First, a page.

“What if I don’t want to go back?” I asked.
I was sitting in yet another Zoom meeting. This one with friends from all over the country. We had been together in person so many times. We knew each other’s stories. I’d been challenged many times by the leader to dig deep, look inward and answer the question “What if you could no longer be a dentist? What would that look like?”
Here we were again—full circle—except the new normal set by COVID-19 was forcing me to voice a similar tough question to myself: “What if I don’t want to go back?”
I was conflicted. I was spending an hour-and-a-half every week with my office team, creating different Zoom meeting themes, and was trying to keep everyone excited about going back to work once COVID-19 restrictions were lifted. I spent hours listening to continuing education and searched the internet for reliable sources for personal protective equipment (PPE). I talked daily with friends who were also small business owners worried about how to navigate this new normal and the maze of paperwork to secure funds via programs like the Paycheck Protection Program (PPP), the Economic Injury Disaster Loan (EIDL), and the Coronavirus Aid, Relief, and Economic Security (CARES) Act. The isolation and stress were very real. FaceTime became a lifeline.
Meanwhile, I was also gardening and happy to be in my nest. I was growing tomatoes for heaven’s sake. I ordered more roses and filled out my herb garden. I watched as the clematis bloomed and wisteria wrestled with my fence. I enjoyed the spring show as primrose jasmine, bridal wreath, althea, then trumpet vine made their appearance. Lady Banksia, Zephrin Duhon and Cecile Brunner roses put on their show. My garden was blooming, but really, I was blooming. How could I go back?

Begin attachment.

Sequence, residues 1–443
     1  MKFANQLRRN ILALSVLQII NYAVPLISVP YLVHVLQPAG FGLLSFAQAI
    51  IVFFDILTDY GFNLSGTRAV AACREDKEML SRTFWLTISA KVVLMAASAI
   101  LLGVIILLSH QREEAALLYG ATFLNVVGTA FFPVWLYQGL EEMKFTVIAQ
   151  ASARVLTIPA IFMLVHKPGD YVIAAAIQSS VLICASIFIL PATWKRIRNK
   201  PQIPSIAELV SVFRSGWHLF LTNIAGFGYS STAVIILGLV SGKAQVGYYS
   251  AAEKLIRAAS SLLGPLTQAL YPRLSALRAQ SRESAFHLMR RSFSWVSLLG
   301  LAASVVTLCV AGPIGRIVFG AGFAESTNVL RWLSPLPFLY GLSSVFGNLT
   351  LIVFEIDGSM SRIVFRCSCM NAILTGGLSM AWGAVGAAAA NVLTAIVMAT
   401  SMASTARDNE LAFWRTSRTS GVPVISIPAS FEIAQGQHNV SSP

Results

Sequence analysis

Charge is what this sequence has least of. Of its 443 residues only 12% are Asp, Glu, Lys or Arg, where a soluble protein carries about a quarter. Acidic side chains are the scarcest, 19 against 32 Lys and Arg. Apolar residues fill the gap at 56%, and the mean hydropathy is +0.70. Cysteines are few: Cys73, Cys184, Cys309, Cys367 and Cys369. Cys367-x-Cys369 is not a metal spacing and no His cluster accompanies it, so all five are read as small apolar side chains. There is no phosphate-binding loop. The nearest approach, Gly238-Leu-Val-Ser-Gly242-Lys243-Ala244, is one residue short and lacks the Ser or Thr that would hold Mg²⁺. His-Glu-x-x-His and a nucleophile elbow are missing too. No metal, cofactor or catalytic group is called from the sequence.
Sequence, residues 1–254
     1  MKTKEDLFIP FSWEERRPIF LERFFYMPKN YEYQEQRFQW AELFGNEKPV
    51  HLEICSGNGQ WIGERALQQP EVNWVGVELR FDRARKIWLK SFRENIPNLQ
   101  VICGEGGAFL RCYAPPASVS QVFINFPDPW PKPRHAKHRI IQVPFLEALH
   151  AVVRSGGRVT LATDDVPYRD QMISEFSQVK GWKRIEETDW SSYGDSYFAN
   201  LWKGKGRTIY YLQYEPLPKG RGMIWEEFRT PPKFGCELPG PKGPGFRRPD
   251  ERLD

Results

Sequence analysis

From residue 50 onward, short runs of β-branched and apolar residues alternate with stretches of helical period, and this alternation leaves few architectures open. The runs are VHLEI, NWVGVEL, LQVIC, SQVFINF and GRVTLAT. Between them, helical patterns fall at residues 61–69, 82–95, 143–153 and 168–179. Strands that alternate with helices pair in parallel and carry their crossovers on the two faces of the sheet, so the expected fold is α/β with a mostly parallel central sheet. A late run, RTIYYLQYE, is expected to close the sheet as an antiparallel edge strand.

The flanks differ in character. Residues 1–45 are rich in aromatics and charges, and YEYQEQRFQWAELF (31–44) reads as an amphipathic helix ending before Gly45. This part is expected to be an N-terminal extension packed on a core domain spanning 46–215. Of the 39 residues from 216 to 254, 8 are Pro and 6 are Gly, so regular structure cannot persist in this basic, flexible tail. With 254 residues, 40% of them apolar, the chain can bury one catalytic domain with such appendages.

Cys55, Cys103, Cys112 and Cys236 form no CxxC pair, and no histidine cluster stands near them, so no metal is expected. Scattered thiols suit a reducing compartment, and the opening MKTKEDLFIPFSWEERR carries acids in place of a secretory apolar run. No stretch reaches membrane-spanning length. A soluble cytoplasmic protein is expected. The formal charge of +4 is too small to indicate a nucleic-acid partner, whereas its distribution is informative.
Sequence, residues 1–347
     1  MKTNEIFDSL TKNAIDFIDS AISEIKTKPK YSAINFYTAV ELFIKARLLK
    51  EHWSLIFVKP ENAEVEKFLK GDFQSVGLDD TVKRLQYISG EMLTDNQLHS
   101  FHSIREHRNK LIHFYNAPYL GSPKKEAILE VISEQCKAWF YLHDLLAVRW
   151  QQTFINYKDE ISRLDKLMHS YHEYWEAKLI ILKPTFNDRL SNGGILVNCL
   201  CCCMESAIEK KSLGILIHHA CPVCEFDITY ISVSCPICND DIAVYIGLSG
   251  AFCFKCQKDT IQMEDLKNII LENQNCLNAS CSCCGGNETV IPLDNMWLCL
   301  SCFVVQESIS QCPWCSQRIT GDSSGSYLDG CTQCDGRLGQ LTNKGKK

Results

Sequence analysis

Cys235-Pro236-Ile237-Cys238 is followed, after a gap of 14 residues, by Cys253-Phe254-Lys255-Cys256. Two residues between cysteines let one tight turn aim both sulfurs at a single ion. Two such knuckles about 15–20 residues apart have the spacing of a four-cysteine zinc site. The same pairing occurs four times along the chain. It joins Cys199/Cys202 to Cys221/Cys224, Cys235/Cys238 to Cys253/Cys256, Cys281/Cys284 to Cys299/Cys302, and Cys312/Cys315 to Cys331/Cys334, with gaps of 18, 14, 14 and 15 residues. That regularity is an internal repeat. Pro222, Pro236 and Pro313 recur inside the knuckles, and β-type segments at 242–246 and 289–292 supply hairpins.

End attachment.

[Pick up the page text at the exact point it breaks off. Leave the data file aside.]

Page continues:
I was emotionally exhausted, and yet, my body was healing. I signed up for twice weekly Pilates sessions via Zoom—a luxury I never had time for in the previous “real” world. I relished the one-on-one time I had with my instructor. I joined my Zumba teacher as she taught our Saturday morning class online and laughed out loud as I danced in my kitchen. Without the commitment to church and choir, I began riding my bike on Sunday mornings. My body began to release 32 years of dentistry angst.
I knew I could sell my practice and continue down this path of early retirement and enjoy a simple gardener’s life. I could nestle in and be happy with the many chapters of my dental career. But I wasn’t ready. Something bigger was calling me back. As an oldest child, I often wrestle with expectations about doing the right thing. But in the midst of isolating at home, silently digging deep in the dirt, I found the real clarity that I’d been searching for. There wasn’t a need to wrestle. The right thing was to go back. It wasn’t about obligation. It was about what was in my heart.
I missed my team and my patients. I missed the opportunity to change someone’s life by improving their smile. I missed the opportunity to improve someone’s health. I missed learning new procedures and techniques. I missed my colleagues and the community we built together. I missed being a mentor to my associates and watching my team grow as leaders. I missed being a leader and a healer. I missed the challenge of running the business with my team. I missed the power of connection and joy that comes from being part of people’s lives.
I missed the gratitude and sense of purpose that practicing dentistry has given me.
In the end, digging in the dirt helped me find answers to the tough questions. I wanted to go back to my practice not because I HAD to but because I CHOSE to. This time with more gratitude than angst. And no matter how amazing the blooms get in my garden, I know I will always be a dentist.